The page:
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When you drained the gas from the gas tank did you also take the carb apart and clean it. There should be a bowl that the fuel line from the gas tank goes to. There is a float in that bowl that has to go up and down to regulate how much gas goes into the engine. You may have a build up of varnish from old gas on the piece that the float moves up and down. Also there should be an idle jet that you screw in and out to adjust the idle. That also could be junked up.
Most often this is because the gas has "soured" - it breaks down into a varnish compound, which is easily recognized by a foul smell in the gas tank that does not smell like gas.
You need to drain all the old gas. Pull the spark plug (clean it also- using a new plug is even better!), pump the primer bulb, and then pull the cord twenty times or so with no plug in the engine to try and purge all the old fuel. Get as much as possible out of the fuel system- the primer bulb should only have a drop or two at most in it.
Next, put in fresh gas along with a little carb cleaner- mix a gallon of gas with half an ounce of carb cleaner, plus whatever amount of two stroke oil you normally mix per gallon. Put the plug back in. Press the primer bulb 3 times, set the choke, and try to start. Make sure that you can see fuel in the primer bulb.
Your chainsaw will probably fire on the first or second pull, but not run (if it does start and run, GREAT!) On the third pull, most often it will start....if not....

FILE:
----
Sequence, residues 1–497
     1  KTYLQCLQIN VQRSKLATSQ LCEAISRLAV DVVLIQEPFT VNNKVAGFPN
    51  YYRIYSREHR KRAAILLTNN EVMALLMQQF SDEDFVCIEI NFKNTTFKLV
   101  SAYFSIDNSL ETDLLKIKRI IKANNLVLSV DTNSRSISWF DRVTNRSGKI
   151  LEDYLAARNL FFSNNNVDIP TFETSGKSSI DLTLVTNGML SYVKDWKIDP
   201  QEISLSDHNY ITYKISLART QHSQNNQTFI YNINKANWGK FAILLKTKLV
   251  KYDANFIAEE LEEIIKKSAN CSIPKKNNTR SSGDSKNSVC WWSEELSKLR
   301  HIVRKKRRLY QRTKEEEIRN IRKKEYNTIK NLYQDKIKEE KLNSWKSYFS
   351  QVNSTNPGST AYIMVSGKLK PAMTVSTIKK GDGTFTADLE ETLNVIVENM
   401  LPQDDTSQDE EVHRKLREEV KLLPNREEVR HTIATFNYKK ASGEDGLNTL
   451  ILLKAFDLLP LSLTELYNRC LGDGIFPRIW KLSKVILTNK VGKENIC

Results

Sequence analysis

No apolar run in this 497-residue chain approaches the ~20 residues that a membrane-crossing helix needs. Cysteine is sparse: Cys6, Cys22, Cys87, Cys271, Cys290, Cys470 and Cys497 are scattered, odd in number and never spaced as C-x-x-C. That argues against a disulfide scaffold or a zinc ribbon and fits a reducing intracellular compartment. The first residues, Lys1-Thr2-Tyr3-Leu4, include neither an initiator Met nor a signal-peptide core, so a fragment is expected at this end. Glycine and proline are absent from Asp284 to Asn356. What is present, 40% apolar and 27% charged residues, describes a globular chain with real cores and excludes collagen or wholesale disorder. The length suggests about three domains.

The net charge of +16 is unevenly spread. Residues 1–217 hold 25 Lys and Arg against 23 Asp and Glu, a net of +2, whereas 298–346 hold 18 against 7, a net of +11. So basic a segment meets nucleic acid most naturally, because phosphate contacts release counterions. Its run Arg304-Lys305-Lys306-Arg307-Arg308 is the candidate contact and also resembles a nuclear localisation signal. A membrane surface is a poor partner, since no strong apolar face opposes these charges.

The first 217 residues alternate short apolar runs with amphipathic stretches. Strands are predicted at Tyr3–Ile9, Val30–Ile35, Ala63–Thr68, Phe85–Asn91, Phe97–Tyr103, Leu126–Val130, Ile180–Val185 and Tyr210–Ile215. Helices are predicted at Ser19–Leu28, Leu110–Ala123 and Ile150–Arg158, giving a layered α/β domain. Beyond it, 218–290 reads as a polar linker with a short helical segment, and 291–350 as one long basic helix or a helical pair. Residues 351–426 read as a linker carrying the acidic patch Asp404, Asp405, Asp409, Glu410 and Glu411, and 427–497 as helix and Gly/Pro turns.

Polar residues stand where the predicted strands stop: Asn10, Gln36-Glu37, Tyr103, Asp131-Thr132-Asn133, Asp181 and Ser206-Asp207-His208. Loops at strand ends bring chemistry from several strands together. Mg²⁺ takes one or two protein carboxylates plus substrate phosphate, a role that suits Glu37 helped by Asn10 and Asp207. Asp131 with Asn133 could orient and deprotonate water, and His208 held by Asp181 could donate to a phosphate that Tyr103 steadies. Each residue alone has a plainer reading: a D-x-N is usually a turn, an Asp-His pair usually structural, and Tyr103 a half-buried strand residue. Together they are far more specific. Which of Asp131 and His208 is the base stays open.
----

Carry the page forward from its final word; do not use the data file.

Pump the primer three more times, and try the starting procedure again, and hopefully it will start, possibly running rough for the first minute.
If you still cannot get it started, pull the plug, clean and dry it, and try again... it is best at this point if you have a brand new plug to use it instead.
If your saw will still not start and run steady, you probably have a "varnished carb" - buildup from the gas souring has clogged the needle valve/orifice, and the float may be stuck. You will need to service the carb.
its probably your fuel filter... When a motor sits with fuel for a while it will begin to varnish which will clog the fuel filter and sometimes cause the float or jets to stick or get clogged. But if it works with the fuel line detached I can almost promise its a fuel filter issue. If that doesnt clear it up check the petcock valve at the tank.
Try a small shot (about a 2 second spray) of starting fluid in the air intake then cranking....
WARNING- DO NOT TRY AND KEEP IT RUNNING BY USING THE STARTING FLUID! It can damage your engine.
If your bike fires and runs for a bit, the most likely problem is your gas has gone "sour". You need to drain all the old gas out and properly dispose of it.
Over time, gas will cause a varnish buildup in your carb if it sits too long. You can try adding some carb cleaner to fresh gas, but the results will not be immediate. You may have to have the carb rebuilt.
When you store anything gas powered, there is an additive called Sta-bil that will act as a gasoline preservative for about a year.